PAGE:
FDA Plans More Research on 3D Printing
January 9, 2017
The use of 3D printing is quickly revolutionizing healthcare. Additive manufacturing (combined with high-resolution scanning) has allowed hospitals to print detailed models of organs and bone structures to help surgeons prepare for complex procedures, as well as create custom-fit prosthetics and implants. Researchers have developed ways to 3D print medicine, as well as human tissue.
Advancement has been so rapid that regulations have not kept pace. The U.S. Food and Drug Administration (FDA) has released a new video that outlines the agency’s plans to better understand 3D printing and issue more guidance to healthcare providers and device manufacturers on its use in medical applications.
The video, “The 3Rs of 3D Printing: FDA’s Role”, indicates the agency is working to better understand the technology in order to ensure patient safety.
The FDA approved the first 3D-printed drug in 2016 (the epilepsy drug Spritam from Aprecia) and has also cleared several dozen 3D-printed medical devices. The video includes information on a 3D-printed device that helped save a 3-month-old boy in Michigan, as well as a man who had 75% of his skull replaced with a printed implant.
In May, the agency released draft guidance on 3D printed devices, including early ideas on how to characterize and validate such devices. That initial document does not address printing solutions for biologics, cells or human tissues. The agency also indicated that point-of-care device manufacturing would raise “additional technical considerations” not covered in the guidance.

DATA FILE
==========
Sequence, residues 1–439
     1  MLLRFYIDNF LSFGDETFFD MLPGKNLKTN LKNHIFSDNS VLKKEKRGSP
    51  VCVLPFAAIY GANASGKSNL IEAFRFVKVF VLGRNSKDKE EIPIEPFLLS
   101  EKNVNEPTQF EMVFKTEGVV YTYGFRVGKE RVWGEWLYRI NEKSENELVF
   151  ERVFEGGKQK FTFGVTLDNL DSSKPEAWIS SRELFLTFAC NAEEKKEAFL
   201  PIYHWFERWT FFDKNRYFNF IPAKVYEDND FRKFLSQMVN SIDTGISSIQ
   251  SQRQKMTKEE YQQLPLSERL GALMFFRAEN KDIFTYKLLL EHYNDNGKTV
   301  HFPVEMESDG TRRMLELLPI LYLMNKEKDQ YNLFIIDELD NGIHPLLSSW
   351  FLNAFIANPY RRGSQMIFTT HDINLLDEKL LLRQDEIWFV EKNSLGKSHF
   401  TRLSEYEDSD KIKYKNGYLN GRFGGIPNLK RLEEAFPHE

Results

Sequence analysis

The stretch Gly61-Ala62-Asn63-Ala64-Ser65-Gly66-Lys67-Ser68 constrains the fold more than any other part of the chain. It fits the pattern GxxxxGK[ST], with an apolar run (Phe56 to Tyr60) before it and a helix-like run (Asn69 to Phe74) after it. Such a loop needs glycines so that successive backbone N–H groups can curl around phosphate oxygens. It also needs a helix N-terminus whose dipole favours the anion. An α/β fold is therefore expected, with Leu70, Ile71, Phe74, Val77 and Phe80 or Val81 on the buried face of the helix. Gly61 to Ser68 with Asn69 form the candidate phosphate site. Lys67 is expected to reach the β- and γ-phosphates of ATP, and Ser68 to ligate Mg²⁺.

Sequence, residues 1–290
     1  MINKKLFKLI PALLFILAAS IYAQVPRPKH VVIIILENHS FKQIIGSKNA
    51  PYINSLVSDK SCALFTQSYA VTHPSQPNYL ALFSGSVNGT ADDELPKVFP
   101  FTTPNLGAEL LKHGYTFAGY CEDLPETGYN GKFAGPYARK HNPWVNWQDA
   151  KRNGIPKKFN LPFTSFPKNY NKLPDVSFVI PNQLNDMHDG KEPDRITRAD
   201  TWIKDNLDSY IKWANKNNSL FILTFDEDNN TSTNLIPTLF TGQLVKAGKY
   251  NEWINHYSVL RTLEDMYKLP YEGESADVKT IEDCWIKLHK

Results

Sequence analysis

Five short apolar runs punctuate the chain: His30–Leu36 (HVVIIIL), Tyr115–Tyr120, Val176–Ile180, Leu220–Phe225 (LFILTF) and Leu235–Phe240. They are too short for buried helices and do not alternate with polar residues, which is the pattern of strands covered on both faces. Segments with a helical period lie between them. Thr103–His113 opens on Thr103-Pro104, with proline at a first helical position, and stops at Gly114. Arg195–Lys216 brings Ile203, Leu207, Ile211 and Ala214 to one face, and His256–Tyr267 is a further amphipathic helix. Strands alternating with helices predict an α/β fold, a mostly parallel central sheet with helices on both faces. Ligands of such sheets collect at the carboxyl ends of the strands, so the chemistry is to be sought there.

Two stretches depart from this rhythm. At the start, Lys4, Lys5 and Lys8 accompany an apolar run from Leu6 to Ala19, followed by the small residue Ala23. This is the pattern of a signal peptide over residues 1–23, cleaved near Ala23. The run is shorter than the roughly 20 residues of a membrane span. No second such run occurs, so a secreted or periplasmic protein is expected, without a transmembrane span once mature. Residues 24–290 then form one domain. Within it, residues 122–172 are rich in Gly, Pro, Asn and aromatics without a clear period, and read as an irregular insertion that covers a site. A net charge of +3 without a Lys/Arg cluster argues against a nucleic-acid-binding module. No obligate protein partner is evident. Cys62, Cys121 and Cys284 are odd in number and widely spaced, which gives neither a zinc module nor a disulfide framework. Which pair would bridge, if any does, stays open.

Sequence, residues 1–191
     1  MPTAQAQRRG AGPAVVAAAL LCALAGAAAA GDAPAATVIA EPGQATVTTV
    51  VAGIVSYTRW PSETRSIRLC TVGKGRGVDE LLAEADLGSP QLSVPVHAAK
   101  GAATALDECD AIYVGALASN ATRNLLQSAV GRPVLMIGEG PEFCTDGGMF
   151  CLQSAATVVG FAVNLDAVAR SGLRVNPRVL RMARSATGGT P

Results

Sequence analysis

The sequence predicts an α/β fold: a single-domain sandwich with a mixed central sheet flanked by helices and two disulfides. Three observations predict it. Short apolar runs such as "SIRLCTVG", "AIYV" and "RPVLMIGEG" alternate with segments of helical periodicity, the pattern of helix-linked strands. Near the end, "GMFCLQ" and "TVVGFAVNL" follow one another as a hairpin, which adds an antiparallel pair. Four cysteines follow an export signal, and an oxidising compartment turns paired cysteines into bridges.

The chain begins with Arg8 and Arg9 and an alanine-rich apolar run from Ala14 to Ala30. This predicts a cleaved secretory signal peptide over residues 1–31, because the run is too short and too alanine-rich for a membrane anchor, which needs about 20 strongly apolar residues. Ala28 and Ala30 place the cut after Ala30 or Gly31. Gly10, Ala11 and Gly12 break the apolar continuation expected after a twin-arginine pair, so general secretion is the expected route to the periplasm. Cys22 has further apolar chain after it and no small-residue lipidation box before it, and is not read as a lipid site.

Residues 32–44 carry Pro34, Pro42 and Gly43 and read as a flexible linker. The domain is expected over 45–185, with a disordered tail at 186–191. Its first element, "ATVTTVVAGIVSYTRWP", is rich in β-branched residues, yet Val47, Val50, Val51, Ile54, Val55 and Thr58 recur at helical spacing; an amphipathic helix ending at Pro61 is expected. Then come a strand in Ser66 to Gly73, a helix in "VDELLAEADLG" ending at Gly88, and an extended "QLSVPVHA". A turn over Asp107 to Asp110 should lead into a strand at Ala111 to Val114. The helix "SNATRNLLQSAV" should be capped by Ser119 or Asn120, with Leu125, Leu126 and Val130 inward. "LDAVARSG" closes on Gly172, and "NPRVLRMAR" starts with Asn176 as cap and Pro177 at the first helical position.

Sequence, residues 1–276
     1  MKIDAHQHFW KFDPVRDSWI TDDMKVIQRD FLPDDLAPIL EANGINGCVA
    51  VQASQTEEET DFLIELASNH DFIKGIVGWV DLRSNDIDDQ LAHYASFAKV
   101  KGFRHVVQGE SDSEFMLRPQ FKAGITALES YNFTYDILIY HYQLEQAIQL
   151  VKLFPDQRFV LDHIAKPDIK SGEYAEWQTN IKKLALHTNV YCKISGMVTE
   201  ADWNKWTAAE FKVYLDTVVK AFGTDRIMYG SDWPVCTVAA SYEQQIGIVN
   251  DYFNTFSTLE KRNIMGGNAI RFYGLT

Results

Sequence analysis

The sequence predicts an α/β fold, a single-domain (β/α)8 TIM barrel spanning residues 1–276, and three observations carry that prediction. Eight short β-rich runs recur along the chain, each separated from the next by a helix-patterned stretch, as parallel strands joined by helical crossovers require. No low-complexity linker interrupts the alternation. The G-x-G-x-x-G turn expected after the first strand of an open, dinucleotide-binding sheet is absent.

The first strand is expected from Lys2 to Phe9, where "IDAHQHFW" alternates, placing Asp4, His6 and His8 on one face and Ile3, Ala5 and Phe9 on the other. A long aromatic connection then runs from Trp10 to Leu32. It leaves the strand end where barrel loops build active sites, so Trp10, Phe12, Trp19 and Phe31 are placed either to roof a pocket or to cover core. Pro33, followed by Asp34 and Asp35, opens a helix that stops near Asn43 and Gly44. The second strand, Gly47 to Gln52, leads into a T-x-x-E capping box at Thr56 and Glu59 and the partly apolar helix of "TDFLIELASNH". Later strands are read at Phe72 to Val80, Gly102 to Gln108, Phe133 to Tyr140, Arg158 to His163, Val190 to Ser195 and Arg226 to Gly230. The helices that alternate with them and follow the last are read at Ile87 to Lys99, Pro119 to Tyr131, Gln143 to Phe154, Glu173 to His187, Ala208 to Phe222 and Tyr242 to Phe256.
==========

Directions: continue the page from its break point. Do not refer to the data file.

In general, safety and quality standards will be the same for printed devices as they would be for devices produced through other methods. For custom-made devices that are created for a specific patient, FDA indicated manufacturers should specify a range of dimensions for a device that could include all possible sizes that might be produced.
The agency will work with manufacturers, universities and other agencies to understand how additive manufacturing processes and materials might affect quality and testing of these devices.
You can view the FDA video below.
You can read more of our healthcare-related coverage here.
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About the Author
Brian Albright is the editorial director of Digital Engineering. Contact him at [email protected].Follow DE